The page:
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The wonderful waiting room at Graemsay Pier

We managed to complete our tour of the island and lunch within 4 hours and, being aware that the kids had been a bit cooped up, we decided to head back to the pier to see what the waiting room had to offer. I was concerned that it wouldn’t be open, but I needn’t have worried. Quite the opposite! Not only was it open, but the heating was on, which we were incredibly grateful for. Our son was particularly happy to have somewhere to play about and he adopted a small teddy bear from the honesty box – we knew we’d be buying it and taking it home when he started sweeping it across the floor!

All in all, we had a wonderful day on Graemsay. For those going to Orkney and interested in seeing an island that many others choose not to visit it is a must. I imagine the locals are quite fond of its quietness compared the neighbouring (and significantly bigger) island of Hoy. Living there would certainly involve some planning when it comes to such activities as the weekly shop, but I can imagine it’s easy enough once you get into the habit.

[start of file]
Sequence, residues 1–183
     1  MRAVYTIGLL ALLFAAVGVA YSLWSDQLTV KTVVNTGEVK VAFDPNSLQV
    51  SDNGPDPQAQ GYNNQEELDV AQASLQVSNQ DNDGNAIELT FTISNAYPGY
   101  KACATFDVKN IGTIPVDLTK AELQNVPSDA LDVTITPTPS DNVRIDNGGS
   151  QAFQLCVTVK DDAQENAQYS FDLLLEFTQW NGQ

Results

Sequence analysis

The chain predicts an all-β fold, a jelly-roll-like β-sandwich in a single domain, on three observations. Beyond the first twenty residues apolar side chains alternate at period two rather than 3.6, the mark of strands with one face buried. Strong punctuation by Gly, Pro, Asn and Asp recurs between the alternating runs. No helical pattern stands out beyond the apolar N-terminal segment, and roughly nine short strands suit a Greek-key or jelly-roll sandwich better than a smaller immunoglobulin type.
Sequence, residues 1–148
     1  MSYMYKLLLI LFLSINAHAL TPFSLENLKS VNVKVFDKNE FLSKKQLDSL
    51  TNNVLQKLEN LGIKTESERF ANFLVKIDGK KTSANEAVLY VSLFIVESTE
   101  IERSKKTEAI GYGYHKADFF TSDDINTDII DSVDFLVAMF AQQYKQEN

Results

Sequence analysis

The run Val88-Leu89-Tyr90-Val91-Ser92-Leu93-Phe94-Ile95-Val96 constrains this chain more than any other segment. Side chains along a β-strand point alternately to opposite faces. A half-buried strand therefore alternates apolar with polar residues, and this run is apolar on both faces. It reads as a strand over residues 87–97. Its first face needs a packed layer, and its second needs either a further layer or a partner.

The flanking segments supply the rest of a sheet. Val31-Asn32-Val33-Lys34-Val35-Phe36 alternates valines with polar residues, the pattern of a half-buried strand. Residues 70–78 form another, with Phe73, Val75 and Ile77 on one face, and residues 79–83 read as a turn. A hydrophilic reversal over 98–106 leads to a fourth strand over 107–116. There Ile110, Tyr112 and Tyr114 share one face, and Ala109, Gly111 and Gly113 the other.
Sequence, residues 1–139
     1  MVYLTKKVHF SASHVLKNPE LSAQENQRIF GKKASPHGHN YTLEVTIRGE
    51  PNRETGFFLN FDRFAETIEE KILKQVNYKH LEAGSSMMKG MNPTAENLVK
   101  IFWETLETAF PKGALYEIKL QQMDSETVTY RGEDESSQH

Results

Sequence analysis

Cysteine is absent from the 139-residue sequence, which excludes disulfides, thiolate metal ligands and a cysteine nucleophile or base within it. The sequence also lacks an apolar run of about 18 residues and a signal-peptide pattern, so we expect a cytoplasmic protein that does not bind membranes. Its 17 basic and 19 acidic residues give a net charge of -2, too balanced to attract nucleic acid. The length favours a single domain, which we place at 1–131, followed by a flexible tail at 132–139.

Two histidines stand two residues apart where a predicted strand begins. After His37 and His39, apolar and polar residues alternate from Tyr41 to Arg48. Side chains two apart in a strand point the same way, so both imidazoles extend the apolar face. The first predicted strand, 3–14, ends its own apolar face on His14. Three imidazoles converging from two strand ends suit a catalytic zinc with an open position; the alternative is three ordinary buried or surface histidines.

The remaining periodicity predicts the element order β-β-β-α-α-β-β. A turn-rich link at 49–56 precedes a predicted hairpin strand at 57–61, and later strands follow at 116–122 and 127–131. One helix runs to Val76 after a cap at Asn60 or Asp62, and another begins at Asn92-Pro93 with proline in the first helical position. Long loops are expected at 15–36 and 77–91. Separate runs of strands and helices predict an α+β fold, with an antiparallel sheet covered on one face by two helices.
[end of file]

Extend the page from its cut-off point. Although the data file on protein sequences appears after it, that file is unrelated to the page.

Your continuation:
This trip involved a number of other activities on Orkney mainland, but no other lighthouses. Every time we leave Orkney we have always already started discussing how our next visit will pan out. We are planning, at some point in the not to distant future, a longer trip, taking in a number of the islands, including Sanday (for Start Point, which involves a bit of planning with the tide), North Ronaldsay and Westray. We also hope to organise trips to some of those that aren’t covered by the scheduled sailings.

Our next potential lighthouse-bagging trip will be next month when we head for the Western Isles again. This will be our latest attempt to reach the Monachs and the Flannans. We shall see what sea conditions await, so watch this space… 🙂